The War Caster feat allows you to perform the somatic components of spells even when you have a weapon or a shield in one or both hands, which seems like it would solve the problem. If you’re a cleric or a paladin, it does… most of the time. Because the feat doesn’t also allow you to ignore the material component of spells, you are still confounded by minutiae. If you want to cast a spell like protection from evil and good, which consumes its spell components, you still need to put away your weapon in order to pull out the materials.

For other classes that don’t get to incorporate their spellcasting focuses into their shields or weapons, War Caster is far less effective and is hardly even worth consideration because you still have to have a free hand for the component or the focus. Even if you are at a table where the DM allows feats and you choose to spend one of your character’s precious few ability score improvements to take it, you’re still unable to do sword, shield, and spell. It just doesn’t work; you must pick two. (This was one of the primary reasons why we came up with the Battlemage class.)

Make It Stop!

Frankly, we believe these rules—and spellcasting components themselves—to be arbitrary and vexatious impediments on the magic system. At our table, we ignore spell components outside of a few specific types of situations (spells with a range of touch or that require an attack roll have a somatic component; only spells that require conveying a message have a verbal component; and so on), and we have a lot more fun than if we were to enforce these restrictive elements of the game.

If something seems like it should require more effort to complete, the caster can come up with the rule themselves. The druid wants to cast find the path to guide the party towards a place marked on an old map? Forget the bag of teeth, the druid’s magical yew staff is worth way more and is a nexus of natural energy and can easily become a kind of dowsing rod. The cleric wants to cast heroes’ feast before the big fight? Nobody is ever going to have 1,000-gp bowls that you can purchase just to be consumed by this spell (who eats a bowl, anyway?); buy 1,000 gp worth of rare magical herbs from herbalists in the city. Or, better yet, go to fey crossings and spend a day harvesting the ingredients yourself. Stop letting Mike Mearls prescribe your fun.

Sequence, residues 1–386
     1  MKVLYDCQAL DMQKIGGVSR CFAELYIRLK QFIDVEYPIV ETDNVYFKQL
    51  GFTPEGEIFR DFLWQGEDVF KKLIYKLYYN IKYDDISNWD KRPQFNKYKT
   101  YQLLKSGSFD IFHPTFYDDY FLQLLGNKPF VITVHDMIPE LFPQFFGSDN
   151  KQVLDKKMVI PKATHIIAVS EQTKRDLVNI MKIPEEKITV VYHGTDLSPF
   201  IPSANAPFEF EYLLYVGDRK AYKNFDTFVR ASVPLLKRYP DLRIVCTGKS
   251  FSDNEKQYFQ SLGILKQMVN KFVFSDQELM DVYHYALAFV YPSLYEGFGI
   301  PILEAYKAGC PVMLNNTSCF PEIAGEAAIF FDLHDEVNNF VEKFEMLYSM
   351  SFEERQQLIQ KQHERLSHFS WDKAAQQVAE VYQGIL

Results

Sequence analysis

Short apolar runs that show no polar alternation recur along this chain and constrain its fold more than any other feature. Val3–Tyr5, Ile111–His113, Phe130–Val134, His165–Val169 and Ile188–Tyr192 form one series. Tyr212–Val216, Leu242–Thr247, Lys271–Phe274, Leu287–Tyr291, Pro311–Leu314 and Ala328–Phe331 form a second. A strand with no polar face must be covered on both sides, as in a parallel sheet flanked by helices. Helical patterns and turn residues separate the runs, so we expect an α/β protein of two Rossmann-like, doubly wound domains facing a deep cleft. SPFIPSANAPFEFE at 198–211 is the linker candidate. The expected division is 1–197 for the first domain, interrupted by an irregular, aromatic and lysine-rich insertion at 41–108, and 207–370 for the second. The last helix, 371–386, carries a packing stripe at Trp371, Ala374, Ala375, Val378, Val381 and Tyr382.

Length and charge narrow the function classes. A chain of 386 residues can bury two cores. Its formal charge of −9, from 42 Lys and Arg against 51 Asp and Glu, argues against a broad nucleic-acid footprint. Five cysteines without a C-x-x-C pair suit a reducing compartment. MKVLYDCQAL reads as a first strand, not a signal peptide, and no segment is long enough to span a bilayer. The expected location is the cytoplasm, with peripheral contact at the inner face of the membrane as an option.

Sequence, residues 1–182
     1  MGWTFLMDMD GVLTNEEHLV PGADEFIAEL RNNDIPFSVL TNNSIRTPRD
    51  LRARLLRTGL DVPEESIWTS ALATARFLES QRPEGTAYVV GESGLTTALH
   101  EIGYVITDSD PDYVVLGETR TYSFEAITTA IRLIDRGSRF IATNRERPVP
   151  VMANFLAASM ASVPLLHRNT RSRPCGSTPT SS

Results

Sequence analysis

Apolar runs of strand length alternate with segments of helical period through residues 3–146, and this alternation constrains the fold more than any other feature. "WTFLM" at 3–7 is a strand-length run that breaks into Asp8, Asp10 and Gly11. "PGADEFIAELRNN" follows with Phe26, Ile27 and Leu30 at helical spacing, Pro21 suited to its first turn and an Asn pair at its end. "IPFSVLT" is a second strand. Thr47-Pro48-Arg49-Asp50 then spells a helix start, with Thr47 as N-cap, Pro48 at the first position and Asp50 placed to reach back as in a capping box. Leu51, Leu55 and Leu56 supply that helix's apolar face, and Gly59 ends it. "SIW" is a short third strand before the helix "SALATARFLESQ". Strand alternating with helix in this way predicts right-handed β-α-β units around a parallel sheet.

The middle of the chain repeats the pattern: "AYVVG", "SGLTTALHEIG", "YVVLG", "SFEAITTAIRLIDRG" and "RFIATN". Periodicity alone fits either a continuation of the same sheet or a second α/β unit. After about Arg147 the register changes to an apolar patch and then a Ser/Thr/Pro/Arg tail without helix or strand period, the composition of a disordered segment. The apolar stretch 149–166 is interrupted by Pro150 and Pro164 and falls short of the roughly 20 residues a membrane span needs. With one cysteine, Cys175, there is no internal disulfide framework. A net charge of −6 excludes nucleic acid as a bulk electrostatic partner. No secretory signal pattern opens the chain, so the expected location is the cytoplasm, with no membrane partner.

So there you have it, every fun-killing consideration that prevents you from running your character your way (if your DM can even keep track of the many and preposterous requirements in order to call you on them), as well as our suggestion to simply throw out the entire Spell Components section of the “Spellcasting” chapter in the Player’s Handbook and have a much more enjoyable time not trying to meet the designers’ unrealistic expectations.

If these rules frustrated you… good. Spread the word. If everyone keeps calling out violations of these ridiculous expectations, more tables will throw them out and maybe—just maybe—the developers will finally learn that these are elements of the game that should have been left behind back when Elf stopped being a class.

That said, remember that the point of the game is to have fun. Don’t make this the millstone around your neck if it’s going to simply frustrate your fellow players. Some people, for whatever inscrutable reasons, would rather have the minutiae and will go to great lengths to rationalize the paradoxes (or happily dismiss it with a handwave as “it’s magic, it doesn’t have to make sense”). While we want spell components to be gutted, we’d rather not see your table suffer the same fate. Don’t let this be a cause for your table to break up.

Edit Log:

2018/05/04 – Added a note about Crawford’s tweet clarifying that a spellcasting focus cannot stand in for spell components which are consumed by the spell.

Do you have a horror story about how spell components caused arguments or otherwise derailed the game? Do you have another suggestion to add to this post? Leave a comment below! We’d love to hear from you!

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6 thoughts on “D&D Tips: Spellcasting Components and Focuses”

  1. Question for you! Loved the article btw! What about the lesser restoration and other spells that raise someone from the dead? How do you feel about those requiring a material component?

    1. Thanks for your question!